France Will Rebuild Notre Dame’s Spire as It Was, Scrapping Plans to Top the Fire-Ravaged Cathedral With a Contemporary Design
President Emmanuel Macron has abandoned the idea of holding an international competition to design a new spire.
After months of debate, France has decided to stick to tradition in reconstructing Paris’s Notre Dame Cathedral, rather than replacing the 19th-century spire with a contemporary design.
Designed by French architect Eugene Viollet-le-Duc, the spire collapsed in the April 2019 blaze that tore through the church’s wooden attic. Wrongly identified as a false alarm, the fire raged unchecked for close to a half hour before firefighters were called to the scene.
By that time, the wooden timbers of “The Forest,” as the attic was sometimes called, were almost beyond saving. Firefighters focused much of their energies on salvaging the cathedral’s Gothic belfry towers from collapse. As they fought to combat the flames, the 800-ton, 305-foot-tall lead-coated spire crashed through the vaulted stone ceiling, tumbling to the cathedral floor.
Extinguishing the conflagration took nine hours.
In the immediate aftermath of the disaster, President Emmanuel Macron promised that the cathedral would be rebuilt within five years—in time for the 2024 Olympics in Paris—and announced that there would be an international architectural competition to redesign the spire, which was added to the 13th-century cathedral in 1859.
“A contemporary architectural gesture” could make Notre-Dame “even more beautiful,” said Macron.
The idea was met with skepticism from numerous architects, conservationists, and academics, and polls showed that the majority of Parisians favored restoring Viollet-le-Duc’s design. (The original spire, built between 1220 and 1230, fell into disrepair and was dismantled in the late 1700s.)
The French Senate passed a bill requiring that the reconstruction be faithful to its “last known visual state,” and Philippe Villeneuve, the cathedral’s chief architect, even threatened to resign if Notre-Dame was not rebuilt the way it was. He clashed with Jean-Louis Georgelin, the army general in charge of the reconstruction, who favored a modern replacement spire, during a meeting of the National Assembly’s cultural affairs committee in November.
Macron’s change of heart follows the recommendation of the National Heritage and Architecture Commission, an advisory body for restoration projects, which met last week and heard testimony from Villeneuve.
The committee said that recreating the previous appearance of the cathedral would “guarantee the authenticity, the harmony, and the coherence of this masterpiece of Gothic architecture.” That also includes eschewing modern, potentially safer materials—even though the 460 tons of toxic lead coating the fallen spire posed a major health risk to Parisians. (Wood, on the other hand, might be safer than you’d expect.)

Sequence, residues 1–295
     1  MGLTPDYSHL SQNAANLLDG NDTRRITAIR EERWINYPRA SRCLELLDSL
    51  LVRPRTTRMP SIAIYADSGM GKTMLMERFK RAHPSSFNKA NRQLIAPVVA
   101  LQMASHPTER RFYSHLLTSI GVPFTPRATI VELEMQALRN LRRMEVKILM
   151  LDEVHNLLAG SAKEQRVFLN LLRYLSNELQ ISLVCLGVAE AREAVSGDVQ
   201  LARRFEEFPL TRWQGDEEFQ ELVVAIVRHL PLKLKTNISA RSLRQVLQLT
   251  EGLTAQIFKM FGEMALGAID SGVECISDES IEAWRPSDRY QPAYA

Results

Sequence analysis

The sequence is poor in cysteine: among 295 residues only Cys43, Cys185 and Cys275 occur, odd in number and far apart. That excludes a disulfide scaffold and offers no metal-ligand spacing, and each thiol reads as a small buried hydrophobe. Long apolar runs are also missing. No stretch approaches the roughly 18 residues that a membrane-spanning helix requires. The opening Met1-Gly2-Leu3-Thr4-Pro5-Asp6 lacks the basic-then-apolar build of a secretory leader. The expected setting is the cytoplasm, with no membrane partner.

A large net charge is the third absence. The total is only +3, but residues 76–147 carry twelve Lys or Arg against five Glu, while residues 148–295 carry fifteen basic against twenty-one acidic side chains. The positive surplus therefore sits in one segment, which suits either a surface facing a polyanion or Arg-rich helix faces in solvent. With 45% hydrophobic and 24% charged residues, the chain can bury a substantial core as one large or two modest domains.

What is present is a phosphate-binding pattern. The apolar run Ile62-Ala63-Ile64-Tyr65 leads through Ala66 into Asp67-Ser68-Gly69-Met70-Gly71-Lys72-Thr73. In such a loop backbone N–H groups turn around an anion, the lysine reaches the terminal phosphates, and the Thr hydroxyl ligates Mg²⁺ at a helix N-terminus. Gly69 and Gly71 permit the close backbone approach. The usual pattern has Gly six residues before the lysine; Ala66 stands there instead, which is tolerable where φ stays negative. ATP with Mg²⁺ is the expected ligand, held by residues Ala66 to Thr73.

Macron “has become convinced of the need to restore Notre Dame de Paris in the most consistent manner possible to its last complete, coherent and known state,” read a statement from the Elysée Palace, the president’s official residence. Instead, the city will pursue another “contemporary gesture” in the “redevelopment of the surroundings of the cathedral.”
Proposals for a new spire had come in from around the world, reimagining the structure ways ranging from Studio NAB’s plan for a greenhouse with an actual forest and Ulf Mejergren’s rooftop swimming pool.
British architect Norman Foster presented a design for a glass roof with a crystal spire; Brazilian architect Alexandre Fantozzi’s designed one entirely of stained glass; the Slovakian firm Vizum Atelier suggested a light beam piercing the heavens—a goal of Gothic architects—while French designer Mathieu Lehanneur favored a 300-foot gold leaf-covered carbon fiber flame commemorating the fire.
Work on the fire-damaged building has been delayed at various points due to extreme heat, concerns about lead pollution, and the recent two-month shutdown of Paris. An architectural competition could have potentially drawn out the process even longer, jeopardizing Macron’s tight timeline.
Last month, workers finally began removing the 200 tons of twisted metal scaffolding, melted by the flames, that had been in place around the cathedral due to an in-progress restoration project.
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